One of the main concerns for institutions that educate radiologic trainees is that aside from learning their trade, they must do it without too much exposure to radiation. One of the methods to teach these students is simulation, but it’s not an easy task. While learning the courses of medical imaging technology, trainees are asked to act as ‘guinea pigs’ for others to practice and familiarize with every procedure and position in order to learn it, much like nurses do when learning to take an IV line, only that for nurses, radiation is not involved.

Intelligent group of school children

Lack of experience and the expected learning curve cause exposure to the ‘patient’ and the technician to be more than desired. The number of exposures could be limited, but obviously this is going to affect the training and give you radiologic professionals without the proper experience or knowledge. Because of this, researchers at the Shanghai University of Medicine and Health Sciences in China have developed a system to learn and practice the different techniques and procedures for radiography free from radiation using Augmented Reality.

3d small - radiation

The system consists of a ‘virtual patient’ (modeled after an actual patient) lying on a conventional radiographic table with a position tracking device and a visible regular light simulating the X-ray source mounted on the stand of a traditional X-ray machine. The ‘patient’ surface is attached with several rigid markers clearly visible to tracking system, much like the motion tracking devices used on movies and videogames. After this, the virtual patient gets scanned and the CT slice data is uploaded into the system, where a digital radiographic reconstruction algorithm will allow it to produce a digital X-ray image.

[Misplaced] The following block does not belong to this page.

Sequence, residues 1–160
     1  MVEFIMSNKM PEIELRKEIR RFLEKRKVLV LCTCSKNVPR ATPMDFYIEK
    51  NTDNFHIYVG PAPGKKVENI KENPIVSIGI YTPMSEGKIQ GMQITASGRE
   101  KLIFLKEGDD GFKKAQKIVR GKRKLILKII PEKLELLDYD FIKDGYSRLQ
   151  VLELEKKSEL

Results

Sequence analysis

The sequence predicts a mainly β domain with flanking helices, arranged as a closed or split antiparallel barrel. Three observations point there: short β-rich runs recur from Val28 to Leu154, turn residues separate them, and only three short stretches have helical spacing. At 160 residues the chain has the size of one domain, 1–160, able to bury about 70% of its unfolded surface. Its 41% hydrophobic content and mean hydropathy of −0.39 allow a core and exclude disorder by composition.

Senior doctor examining a lung radiography

The procedure is fairly easy, almost like a regular X-ray image, but in this case, the motion tracking device captures the incidence of the ‘X-light’ into the virtual patient, processes it and provides a virtual X-ray image, free of radiation and adaptable to the most used positions and techniques used by X-ray technicians. Evaluation of this application was done by inviting 10 groups of second-year medical imaging students, which were randomly separated into two testing factions, one using the Augmented Reality application, and other using a commercial Virtual Reality application for this same purpose (called Projection VR).

Double exposure of man using the virtual reality headset

During this training on both systems, students followed instructions diligently, while doing so, they were also asked to take several questions regarding the study purpose, X-ray assessment criteria, X-ray machine components, and about many imaging parameters to generate correct radiographs. Results showed that the learning experience and the behavior forming capabilities using the Augmented Reality system is superior to the Virtual Reality system. This is most-likely because of the opportunity to practice on real objects (like a real X-ray machine) which is a frequently mentioned advantage of Augmented Reality over Virtual Reality.

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Augmented Reality Wins

Certainly, this is a very early effort in building an actual Augmented Reality simulation for X-ray procedures, but much like the surgery simulators or the neuronavigation devices that we have previously explored, it will bring great results. Researchers point out that several other modules are being developed right now, such as the Collimation Module (the one that defines if the X-ray is well placed according to the technique), and filtration (which is an important parameter when taking actual X-ray images). Because of these developments, it will not be used right now as a mechanism to obtain pre-clinical experience, but we are confident that in the near future a new version of this system will become a great version for a gold standard in medical education.

What do you think of this system? Let us know in the comments section.


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